Equitable Distribution of Boudoir Photos in Divorce

How a family court decides the equitable distribution of boudoir photos, complete with intimate inscriptions and nude photographs, is never easy. A Utah family court recently ordered a woman to hand over her most intimate photographs to her ex-husband and a third-party photographer he chose.

Equitable distribution Boudoir

‘Utah: Life Elevated’

A former wife was married for 25 years and together for 27. As expected, the process of splitting their assets would be complex in a long marriage. The issue became so complex, negotiations failed and a one-day bench trial had to be held.

After the trial, the family judge ordered the former wife to surrender her most intimate photographs of herself to a third-party photographer for editing, and then ordered that the edited photos be given to her ex-husband for his viewing pleasure.

“You don’t know where to turn because you don’t know the law and you have not only your ex-husband who you were married to for years (thinking) that forcing you to distribute basically porn is OK … you have his attorney that also thinks that’s OK. And then you bring it in front of a judge, and he thinks it’s OK.”

The family court’s finding of facts dated July 7th — the day the divorce was finalized — found that the nude photos were given as gifts to the former husband earlier in their marriage, and therefore he “has the right to retain them and the memories they provide.”

The court also found the former wife has a right for her intimate photos to not be in her ex-husband’s possession. So how did the family judge decide the steamy issue? The judge ordered her to turn the images over to the original photographer for editing.

That person is then to do whatever it takes to modify the pages of the pictures so that any photographs of the former wife in lingerie or that sort of thing or even without clothing are obscured and taken out, but the (photo inscriptions) are maintained for the memory’s sake.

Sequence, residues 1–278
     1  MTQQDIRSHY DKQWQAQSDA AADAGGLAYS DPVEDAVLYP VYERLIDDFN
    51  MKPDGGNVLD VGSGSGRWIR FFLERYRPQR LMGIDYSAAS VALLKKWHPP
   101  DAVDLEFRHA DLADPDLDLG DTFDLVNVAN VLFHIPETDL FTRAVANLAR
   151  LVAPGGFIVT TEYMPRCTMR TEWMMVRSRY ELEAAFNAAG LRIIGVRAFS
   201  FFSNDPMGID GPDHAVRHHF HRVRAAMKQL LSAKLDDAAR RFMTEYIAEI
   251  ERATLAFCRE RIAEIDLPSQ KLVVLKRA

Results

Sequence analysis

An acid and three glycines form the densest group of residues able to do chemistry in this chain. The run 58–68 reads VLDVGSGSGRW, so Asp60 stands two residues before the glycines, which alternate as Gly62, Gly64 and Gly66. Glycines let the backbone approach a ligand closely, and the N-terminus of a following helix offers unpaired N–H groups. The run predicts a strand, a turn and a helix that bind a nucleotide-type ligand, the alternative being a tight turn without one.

Florida Equitable Distribution

I have written about equitable distribution in Florida before. In a proceeding for dissolution of marriage, in addition to all other remedies available to a court to do equity between the parties, a court must set apart to each spouse that spouse’s non-marital assets and liabilities.

However, when distributing the marital assets between spouses, a family court must begin with the premise that the distribution should be equal, unless there is a justification for an unequal distribution based on all relevant factors.

In Florida, nonmarital assets which are not divided include things such as assets acquired before the marriage; assets you acquired separately by non-interspousal gift, and assets excluded as marital in a valid written agreement.

Conversely, marital assets which are subject to division, generally include things like assets and liabilities acquired during the marriage, the enhancement in value of some nonmarital assets – and for anyone giving their spouse a gift of sensual boudoir photographs – interspousal gifts during the marriage.

Wisdom of Solomon

Despite the ruling, the original photographer refused to edit the images over a concern about ethics and legal repercussions to her photography business. Being a boudoir photographer, her clients trust her with their images and privacy, and the photographer took that responsibility seriously.

The judge then made a second ruling, and ordered the former wife to give the images to a different photographer for editing. She was also ordered to retain the original photos for 90-days before destroying them, in case her ex-husband wasn’t satisfied with the edits.

The former wife said her ex-husband isn’t happy with the edited photos, though she feels that she has complied with the court’s order, and she feels that her ex-husband’s demand for the photos was an attempt to control and hurt her.

“If all he was truly interested in was the inscriptions, he got those. I’ve complied with the court’s order, even though I believe strongly that (the) order (is) violating on many levels and has affected my emotional and mental health. I can’t imagine doing this to someone else.”

The ex-husband said his former wife’s description of the situation is her perspective. This is not my perspective nor the perspective of an impartial judge. It appears that she has intentionally misrepresented and sensationalized several aspects of a fair proceeding to manipulate the opinions of others for attention and validation of victimhood.

One attorney was quoted as saying equitable distribution in a divorce always involves a balancing of interests but the judge here has just made a mistake in the balancing of interests and has tipped things much too far in one direction.

The Salt Lake Tribune article is here.

Leave a Reply

Your email address will not be published.